Monday, December 14, 2009
This is a basic guide (so far) for those of you who haven't had the joy - and it is a joy - of trying out parenting. Also, you older guys will laugh at me. And that's fine. Glad you're here.
How's it been so far? It's hard to describe. Hank is a REALLY happy baby so that has been a huge help. But still, the worst of it is the lack of sleep. The amount of sleep I get rivals my most intense weeks of graduate school. Meaning that I sleep in my car, office, couch, basement...really anywhere and any time I can. Up until Hank was about 8 weeks old, I was getting 4.5 to 5.5 hours of sleep per night. A month later, it's 5.0 to 6.5. Which would rival "normal," if it were not also hunting season. Still, we are making it work. And those hours of sleep - that's not all at one time. I often take a nap from about 930pm to 1030pm, get some sleep between 1am and 3am, and usually from about 4am to 7am. And sometimes, not that much.
The feeding (at birth, every 2 hours; now, every 4 hours and sometimes longer at night) has been pretty intense but it's just one of those things where you do the best that you can. You ask, "intense? how?" Let's put it this way. A baby goes from "konked out asleep" to "starving hungry, flailing, and screaming bloody murder" in about 40 seconds. It takes about 8 minutes to heat up a bottle. You do the math. 40 seconds warning at 4am...that's what I'm saying.
The good stuff is better than you can imagine. I am not sure if Hank recognizes me, personally, or if he just smiles that big for everybody, and is playing us all for suckers. His smile makes me want to give him anything he wants. I would get it for him. Luckily he cannot talk. The sounds he does make (other than the Hunger Scream) can make your heart melt. He is growing quickly and it's hard to explain my inner conflict between loving how he is right now, and being eager for him to grow to the next level.
One thing that continues to be really tough is making myself do things that are indirectly good for Hank. Like staying in shape and not eating every meal like it's 11:55pm on Death Row, and I'm up next for Old Sparky. And trying to schedule some outtings & hunts (not at the pre-baby regularity) to keep my head straight and feel like a real person who continues to have an actual life. It's so easy for me to just sit on the couch and just watch the baby all day. You feel like you're supposed to be there, but at some point (especially if you have a partner), I know that kids need to know & recognize that while they are the most important part of your life, they are not the only part of your life. I think this would be much harder if I was a single dad, or if I really enjoyed going out to bars. Luckily, I just want to sit out in the saltwater and tell tall tales.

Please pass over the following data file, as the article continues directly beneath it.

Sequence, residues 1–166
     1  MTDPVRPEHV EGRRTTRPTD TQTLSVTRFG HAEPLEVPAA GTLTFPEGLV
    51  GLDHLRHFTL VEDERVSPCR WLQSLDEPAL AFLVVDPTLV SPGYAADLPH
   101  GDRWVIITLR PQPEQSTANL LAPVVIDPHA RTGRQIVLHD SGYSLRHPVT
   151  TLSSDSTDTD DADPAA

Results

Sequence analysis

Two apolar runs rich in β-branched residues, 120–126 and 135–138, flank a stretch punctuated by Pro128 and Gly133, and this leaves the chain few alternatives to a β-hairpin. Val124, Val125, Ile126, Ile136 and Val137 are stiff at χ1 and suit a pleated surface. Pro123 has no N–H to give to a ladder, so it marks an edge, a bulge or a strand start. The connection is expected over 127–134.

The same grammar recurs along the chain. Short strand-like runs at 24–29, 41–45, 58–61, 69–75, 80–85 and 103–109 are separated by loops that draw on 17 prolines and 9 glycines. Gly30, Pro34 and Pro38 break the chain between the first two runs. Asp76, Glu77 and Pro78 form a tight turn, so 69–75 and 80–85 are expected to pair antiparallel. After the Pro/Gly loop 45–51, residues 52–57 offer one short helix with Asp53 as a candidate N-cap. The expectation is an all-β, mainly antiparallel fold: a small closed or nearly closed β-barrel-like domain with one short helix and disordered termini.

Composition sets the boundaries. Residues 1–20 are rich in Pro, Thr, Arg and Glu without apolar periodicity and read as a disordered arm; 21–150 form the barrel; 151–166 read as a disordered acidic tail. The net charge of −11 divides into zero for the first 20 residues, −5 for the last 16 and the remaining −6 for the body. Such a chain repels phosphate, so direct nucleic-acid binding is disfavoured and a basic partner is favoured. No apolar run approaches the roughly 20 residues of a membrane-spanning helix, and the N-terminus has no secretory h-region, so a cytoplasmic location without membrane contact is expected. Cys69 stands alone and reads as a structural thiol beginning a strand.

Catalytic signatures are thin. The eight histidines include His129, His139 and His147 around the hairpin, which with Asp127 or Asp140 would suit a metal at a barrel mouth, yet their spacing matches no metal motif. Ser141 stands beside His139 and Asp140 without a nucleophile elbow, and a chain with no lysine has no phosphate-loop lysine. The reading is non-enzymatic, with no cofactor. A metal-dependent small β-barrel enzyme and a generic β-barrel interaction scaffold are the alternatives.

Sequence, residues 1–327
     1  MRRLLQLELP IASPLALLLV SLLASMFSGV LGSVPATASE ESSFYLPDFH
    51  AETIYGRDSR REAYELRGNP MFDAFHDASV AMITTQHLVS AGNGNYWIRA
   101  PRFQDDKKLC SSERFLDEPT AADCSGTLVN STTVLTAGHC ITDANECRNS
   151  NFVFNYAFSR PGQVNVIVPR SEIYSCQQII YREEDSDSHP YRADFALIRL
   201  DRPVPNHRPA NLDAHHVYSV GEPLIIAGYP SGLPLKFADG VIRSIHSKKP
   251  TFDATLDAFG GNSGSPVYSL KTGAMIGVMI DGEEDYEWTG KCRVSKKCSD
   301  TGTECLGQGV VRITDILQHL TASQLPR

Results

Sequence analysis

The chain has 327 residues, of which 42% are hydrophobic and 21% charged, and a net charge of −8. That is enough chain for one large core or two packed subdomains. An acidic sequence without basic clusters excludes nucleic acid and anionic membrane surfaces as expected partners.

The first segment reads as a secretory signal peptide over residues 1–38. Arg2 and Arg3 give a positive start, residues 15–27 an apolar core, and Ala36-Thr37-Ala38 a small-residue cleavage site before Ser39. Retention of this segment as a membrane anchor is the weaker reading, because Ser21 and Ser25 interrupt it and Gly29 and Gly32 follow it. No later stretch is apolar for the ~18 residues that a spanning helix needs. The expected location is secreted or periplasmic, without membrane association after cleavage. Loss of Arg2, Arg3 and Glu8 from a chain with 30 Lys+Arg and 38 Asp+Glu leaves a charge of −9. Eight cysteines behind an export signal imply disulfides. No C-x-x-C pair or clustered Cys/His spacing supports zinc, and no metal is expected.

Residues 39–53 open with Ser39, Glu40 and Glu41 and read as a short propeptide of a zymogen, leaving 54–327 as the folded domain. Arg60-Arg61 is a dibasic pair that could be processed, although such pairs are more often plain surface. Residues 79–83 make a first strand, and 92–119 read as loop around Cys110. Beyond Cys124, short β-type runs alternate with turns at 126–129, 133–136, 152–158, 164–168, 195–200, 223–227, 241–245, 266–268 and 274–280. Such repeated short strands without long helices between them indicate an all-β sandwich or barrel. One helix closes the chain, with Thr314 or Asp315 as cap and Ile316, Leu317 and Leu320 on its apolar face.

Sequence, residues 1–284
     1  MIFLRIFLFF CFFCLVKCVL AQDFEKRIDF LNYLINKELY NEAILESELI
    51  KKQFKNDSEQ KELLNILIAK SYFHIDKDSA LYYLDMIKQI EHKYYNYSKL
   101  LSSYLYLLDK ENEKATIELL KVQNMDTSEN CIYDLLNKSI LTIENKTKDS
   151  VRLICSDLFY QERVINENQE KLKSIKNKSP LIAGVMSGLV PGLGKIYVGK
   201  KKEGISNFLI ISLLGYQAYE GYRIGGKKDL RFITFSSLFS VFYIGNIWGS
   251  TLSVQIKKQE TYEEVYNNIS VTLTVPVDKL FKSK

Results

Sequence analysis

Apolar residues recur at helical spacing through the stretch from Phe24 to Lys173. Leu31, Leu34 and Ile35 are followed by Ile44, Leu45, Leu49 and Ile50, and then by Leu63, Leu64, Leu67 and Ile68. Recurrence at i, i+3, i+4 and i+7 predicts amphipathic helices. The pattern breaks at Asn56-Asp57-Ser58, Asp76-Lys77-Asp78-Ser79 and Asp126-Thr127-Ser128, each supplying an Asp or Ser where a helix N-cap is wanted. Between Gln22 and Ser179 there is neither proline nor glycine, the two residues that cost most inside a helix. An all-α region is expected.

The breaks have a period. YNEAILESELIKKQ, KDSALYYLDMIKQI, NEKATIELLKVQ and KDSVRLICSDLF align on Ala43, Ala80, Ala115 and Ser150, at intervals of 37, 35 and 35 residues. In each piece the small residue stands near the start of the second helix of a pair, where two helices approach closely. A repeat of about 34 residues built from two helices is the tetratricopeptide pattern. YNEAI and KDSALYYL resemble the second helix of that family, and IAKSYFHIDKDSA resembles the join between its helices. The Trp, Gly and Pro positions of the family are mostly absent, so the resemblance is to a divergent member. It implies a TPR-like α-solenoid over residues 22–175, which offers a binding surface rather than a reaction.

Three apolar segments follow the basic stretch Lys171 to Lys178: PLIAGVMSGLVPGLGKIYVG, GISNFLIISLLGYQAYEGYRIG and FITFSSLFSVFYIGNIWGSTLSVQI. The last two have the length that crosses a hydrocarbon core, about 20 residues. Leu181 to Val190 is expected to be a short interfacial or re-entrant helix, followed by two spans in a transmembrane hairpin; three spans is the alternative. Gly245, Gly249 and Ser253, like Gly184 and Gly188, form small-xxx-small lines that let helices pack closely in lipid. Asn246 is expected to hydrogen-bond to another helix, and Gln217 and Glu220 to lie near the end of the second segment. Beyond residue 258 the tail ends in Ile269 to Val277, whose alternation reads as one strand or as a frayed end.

Being a parent has been the single biggest science experiment of my life, and yet I feel like the best advice I get is from coworkers and outdoor buddies who have had kids - not the American Pediatric Association or the AMA or anybody else. As a scientist, that's hard to reconcile.
For all the sore knees, dirty diapers, sleepless nights, and baby bottles, being a parent is already one of the funnest things I have ever done. Hank doesn't comprehend much, and his only understanding of the outdoors is based on his mixed feelings about the giant bright light in the sky, and his very serious fascination with staring at the winter treeline against the sky - the contrast of the branches, I guess. I am looking forward to getting on the water with him next summer, and for many summers after that. You'll be reading about it here - you can count on that much.